Commercial Pilots and the CFI Crossroads

By Scott Spangler on April 3rd, 2023

Talking last week to a 30-something professional pilot about his journey to a Gulfstream cockpit, he brought my interrogation to a dead silent stop with his answer to one question. After he summarized the chronology of his pilot certificates and ratings, I asked about the one he didn’t mention, the CFI—certificated flight instructor.

Like a lot of younger pilots striving for paying careers, he said, given the pilot job market, the CFI is a crossroads between spending a lot more money and time to earn the most demanding and challenging pilot certification in all of aviation, and getting a job that pays money. The answer is clear, he said, especially if a new commercial pilot also has a multiengine rating.

In three decades of interrogating professional pilots, the only ones who typically didn’t have a CFI earned their wings in the military (but many of them earned their CFI after they transitioned to their airline life). I’m sure there are some professional pilots who clawed their way up the civilian ladder who skipped the CFI rung, but I don’t remember ever talking to any of them.

Talking to one who might be an exception does not define a new rule in today’s training and professional pilot markets without some quantification. Absent the resources to survey today’s population of pro pilots, I turned to the FAA’s U.S. Civil Airman Statistics. Among the many tables in each year’s spreadsheet is one that gives a 10-year look at initial certificates issued.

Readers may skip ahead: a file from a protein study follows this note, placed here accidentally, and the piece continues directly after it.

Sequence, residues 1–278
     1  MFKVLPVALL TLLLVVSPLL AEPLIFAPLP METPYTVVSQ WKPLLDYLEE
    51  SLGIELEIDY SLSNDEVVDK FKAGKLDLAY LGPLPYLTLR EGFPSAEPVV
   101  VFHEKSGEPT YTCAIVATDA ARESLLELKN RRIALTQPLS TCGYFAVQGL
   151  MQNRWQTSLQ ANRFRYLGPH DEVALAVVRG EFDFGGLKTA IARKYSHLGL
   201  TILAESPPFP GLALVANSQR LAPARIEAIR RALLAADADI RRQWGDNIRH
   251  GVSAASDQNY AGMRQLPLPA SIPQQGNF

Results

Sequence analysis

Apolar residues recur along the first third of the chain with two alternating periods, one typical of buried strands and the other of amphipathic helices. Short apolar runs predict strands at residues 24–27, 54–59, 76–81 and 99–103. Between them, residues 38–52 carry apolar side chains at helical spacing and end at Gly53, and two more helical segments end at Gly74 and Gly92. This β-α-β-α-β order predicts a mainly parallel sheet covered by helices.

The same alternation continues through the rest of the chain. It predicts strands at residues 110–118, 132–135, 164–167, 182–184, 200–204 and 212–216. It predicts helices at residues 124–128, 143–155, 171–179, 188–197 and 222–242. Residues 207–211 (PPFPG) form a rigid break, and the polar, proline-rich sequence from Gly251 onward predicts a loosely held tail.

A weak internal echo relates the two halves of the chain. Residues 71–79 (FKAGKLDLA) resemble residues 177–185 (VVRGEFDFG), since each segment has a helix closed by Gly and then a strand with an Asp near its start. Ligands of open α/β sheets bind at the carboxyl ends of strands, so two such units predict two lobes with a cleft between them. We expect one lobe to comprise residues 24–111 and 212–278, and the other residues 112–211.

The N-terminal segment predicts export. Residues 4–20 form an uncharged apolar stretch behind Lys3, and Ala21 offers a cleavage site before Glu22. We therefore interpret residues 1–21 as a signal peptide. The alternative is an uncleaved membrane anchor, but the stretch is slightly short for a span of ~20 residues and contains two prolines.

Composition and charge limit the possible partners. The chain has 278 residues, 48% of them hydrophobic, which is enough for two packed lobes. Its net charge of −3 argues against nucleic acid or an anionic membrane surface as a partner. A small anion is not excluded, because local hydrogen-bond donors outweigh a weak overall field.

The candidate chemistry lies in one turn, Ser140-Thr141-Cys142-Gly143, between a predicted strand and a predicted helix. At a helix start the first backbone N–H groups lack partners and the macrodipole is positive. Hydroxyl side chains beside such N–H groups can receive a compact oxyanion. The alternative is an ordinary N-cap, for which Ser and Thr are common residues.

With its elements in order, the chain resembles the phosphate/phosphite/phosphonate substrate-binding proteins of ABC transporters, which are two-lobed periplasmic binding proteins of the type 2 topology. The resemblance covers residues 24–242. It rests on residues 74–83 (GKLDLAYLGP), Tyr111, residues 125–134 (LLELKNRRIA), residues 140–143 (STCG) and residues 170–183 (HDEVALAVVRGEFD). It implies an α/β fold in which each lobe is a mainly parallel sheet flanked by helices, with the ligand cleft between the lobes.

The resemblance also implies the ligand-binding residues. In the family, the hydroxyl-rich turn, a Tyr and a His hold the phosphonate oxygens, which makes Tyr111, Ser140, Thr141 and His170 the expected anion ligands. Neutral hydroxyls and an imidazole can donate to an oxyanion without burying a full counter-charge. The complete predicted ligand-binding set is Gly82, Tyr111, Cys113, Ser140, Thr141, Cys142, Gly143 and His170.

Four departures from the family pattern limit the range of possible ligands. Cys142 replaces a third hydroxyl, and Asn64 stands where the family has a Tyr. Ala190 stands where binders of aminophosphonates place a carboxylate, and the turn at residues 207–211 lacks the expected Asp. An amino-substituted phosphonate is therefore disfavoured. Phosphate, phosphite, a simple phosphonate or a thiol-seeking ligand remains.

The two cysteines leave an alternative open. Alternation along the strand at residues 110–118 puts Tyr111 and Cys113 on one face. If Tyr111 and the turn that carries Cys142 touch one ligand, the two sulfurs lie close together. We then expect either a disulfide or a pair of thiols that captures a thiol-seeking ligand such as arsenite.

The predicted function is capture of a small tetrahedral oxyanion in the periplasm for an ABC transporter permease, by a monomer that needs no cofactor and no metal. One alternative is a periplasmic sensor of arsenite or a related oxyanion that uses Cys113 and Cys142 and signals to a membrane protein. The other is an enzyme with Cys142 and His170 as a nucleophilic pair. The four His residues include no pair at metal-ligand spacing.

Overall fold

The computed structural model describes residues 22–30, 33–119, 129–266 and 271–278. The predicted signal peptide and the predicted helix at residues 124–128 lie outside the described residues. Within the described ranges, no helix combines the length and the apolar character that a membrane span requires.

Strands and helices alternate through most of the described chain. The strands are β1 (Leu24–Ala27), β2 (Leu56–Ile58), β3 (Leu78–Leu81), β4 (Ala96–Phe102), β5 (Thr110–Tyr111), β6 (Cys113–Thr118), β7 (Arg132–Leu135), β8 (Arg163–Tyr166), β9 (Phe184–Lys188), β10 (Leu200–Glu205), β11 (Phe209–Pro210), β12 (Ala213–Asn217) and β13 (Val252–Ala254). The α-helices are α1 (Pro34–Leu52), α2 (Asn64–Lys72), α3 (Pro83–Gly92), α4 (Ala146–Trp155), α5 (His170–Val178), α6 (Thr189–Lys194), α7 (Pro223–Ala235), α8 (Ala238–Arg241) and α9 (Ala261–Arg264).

Here is the table of the initial issuance of commercial and flight instructor certificates earned in 2013 to 2022. (I added the yellow to remind me of the pandemic disruption.) At first glance, the numbers don’t seem to support that the CFI crossroads is trending no CFI. And without a doubt, the pilot job market is much better now than it was a decade ago.

What’s interesting is that the number of commercial certificates peaked in 2020, the year the CDC shutdown the nation on March 15, a shutdown that continued through the end of April 2020. The initial CFI issuances peaked last year. Equally interesting is the shared trend of increasing totals of issued certificates, which only took a short step back during the shutdown.

The low numbers in the early teens are surely the nagging consequences of the Great Recession of 2007-2008. But an equally important trend is the difference between those issued a commercial and a CFI. It was roughly 50/50 in 2017, the year my subject graduated from college. Naturally, this isn’t the best measure of a pilot’s crossroads’ decision, but it’s the best one readily available.

The number of commercial pilots who didn’t earn a CFI trended higher until the pandemic, so maybe there’s something to my pro pilot’s crossroads observation. Certainly, this topic might make an excellent survey and statistics project for someone now enrolled in an aviation degree program. What decision did you make at the CFI crossroads. – Scott Spangler, Editor


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